“Then how do you explain the differences in our stories? Why did my mother not mention your people?”
Celeste looked at him, and he swore there was pity in her eyes. How dare she!
“Our stories differ, Thomas, because the land was only abandoned once. It was stolen the next time the tale wove its way through the Akashic records.”
“That does not explain why there is no mention of your people.” Damn it. Her reasoning made sense.
“It is the way of the world, husband. History is written not by the loser, but rather the victor.” Celeste shrugged as if it meant nothing.
Perhaps it really does mean nothing. No matter who was first, we were last. And she and I will bring back the eternal summer. I will be Elder by then.
The next few minutes were spent in relative silence. Celeste knew Thomas was digesting her words; likely, he was searching for a way to turn the prophecy in his favor. That damned title would be the death of him.
“I suppose this explains your eagerness to accept my offer.” Thomas broke the silence first, bringing them both back to their present situation; married, and on their way home. “Shall I expect to soon be overrun with the rest of your people?”
“There are no more of my people, Thomas. The life of an exiled traveller is hard. Unlike many of our brethren, we no longer had a place to call home. We had nowhere to stop and regroup; we were constantly on the move.” Sadness overwhelmed her as she remembered losing her Nan, the last of her Clan.
“For that, I offer my condolences, Celeste. No one should ever be the last of any family.” Looking through the side window, he said, “Come. No tears, wife. You are home.”
Following his gaze, Celeste caught her first sight of the Eternal Forest. In her heart, she knew his words held Truth. She was Home. The trees sang through her, pulsing with the beat of her heart. The waters of the forest flowed through her blood. Home; finally.
“Can you stop at the Ancient Tree?” She asked, referring to the oldest living tree in the forest. Possibly the oldest tree in all of Britain. She needed to pay her respects before anything else.
Thomas conveyed the new directions to his young driver, no questions asked.
It was another half hour before the carriage reached the edge of the meadow at the center of the large forest, but once again – Celeste knew where she was before the coach pulled to a stop. She could hear the whispers of the trees welcoming her to the Sacred Meadow.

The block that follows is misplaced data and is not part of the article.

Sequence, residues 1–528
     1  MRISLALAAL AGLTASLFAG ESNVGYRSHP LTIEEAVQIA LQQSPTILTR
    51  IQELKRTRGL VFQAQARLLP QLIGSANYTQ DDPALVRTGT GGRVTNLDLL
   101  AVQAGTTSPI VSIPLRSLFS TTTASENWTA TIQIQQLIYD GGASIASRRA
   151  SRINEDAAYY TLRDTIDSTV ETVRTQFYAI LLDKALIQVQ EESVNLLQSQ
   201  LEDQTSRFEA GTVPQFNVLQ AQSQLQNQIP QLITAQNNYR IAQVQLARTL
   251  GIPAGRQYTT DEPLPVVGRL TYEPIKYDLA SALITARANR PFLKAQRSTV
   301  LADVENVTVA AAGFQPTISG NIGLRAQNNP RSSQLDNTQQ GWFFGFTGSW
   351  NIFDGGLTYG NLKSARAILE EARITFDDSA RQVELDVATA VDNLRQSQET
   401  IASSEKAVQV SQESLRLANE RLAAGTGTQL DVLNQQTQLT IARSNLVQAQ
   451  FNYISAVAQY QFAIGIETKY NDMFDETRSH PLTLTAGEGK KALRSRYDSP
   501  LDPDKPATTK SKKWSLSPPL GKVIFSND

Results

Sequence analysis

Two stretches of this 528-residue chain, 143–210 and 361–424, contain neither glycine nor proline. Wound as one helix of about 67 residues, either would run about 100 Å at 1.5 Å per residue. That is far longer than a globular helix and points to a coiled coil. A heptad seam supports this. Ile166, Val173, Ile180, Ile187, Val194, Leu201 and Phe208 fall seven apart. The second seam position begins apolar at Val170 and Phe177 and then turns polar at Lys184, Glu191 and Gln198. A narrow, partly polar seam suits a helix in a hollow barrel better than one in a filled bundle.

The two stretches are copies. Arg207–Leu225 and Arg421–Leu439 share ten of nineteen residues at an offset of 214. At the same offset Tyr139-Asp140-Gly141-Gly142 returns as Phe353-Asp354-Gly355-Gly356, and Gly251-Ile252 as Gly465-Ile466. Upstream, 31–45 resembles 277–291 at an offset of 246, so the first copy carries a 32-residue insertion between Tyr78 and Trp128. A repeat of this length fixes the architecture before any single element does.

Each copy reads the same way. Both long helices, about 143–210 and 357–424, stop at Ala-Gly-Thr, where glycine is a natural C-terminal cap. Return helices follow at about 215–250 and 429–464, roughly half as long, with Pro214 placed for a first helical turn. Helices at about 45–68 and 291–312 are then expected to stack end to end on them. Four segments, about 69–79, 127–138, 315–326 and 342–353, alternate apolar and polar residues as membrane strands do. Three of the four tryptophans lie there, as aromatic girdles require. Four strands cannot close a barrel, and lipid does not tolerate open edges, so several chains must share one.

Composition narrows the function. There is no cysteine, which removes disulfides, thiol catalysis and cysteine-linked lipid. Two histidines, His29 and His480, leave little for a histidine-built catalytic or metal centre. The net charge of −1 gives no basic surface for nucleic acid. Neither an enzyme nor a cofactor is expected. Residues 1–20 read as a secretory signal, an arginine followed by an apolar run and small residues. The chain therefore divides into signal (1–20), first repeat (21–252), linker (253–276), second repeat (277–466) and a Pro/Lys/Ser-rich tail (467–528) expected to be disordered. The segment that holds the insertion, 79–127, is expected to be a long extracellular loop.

Without waiting, Celeste opened the door and bounced out of the carriage. She felt like a child getting her first pony.
No thoughts of propriety to caution her, Celeste ran across the meadow, straight to the ancient oak. Big enough that thirty or more could stand round it, the tree towered over everything, reaching high up into the sky. Home.
Bird song filled the air around her as a gentle breeze rustled her loose curls. Her Nan once again hummed in her ear; content that the last of her people had finally come back to the Tree.
Running a hand over the rough bark, Celeste felt a surge of life course through her. Many thousands of years old, the tree cried out, need giving voice to the years of neglect.
Turning to Thomas, who had peered out of the carriage as the eerie screech filled the air around them, she cried. Swiping angrily at the tears slicking down her face she said, “How could you?”
Thomas rushed to her side, concern drawing his brows together. “What is it? Are you ill?”
“Not I — the tree. Oh Thomas, how could this happen? Had I not come, the tree would have died. And with it, all the forest. My people gave their blood for this tree, and your people have neglected your duties.”
“It looks perfectly healthy to me.” Once again, THomas was giving her The Look.
“Looks can be deceiving.” A musical voice broke into their conversation.
Walking toward the tree, the beautiful young girl with the musical voice spoke again, “Not even my touch could help the tree. Your wife is right, Thomas; the tree would die had she not come.”
“Who are you?” Thomas asked, dropping her hand to speak to the stranger. He had eyes only for this girl with curls of fire. And in that instant, Celeste saw the fall of her carefully planned, perfectly cordial marriage.
For this slight girl was the Dragon Bride. She, too, had come home.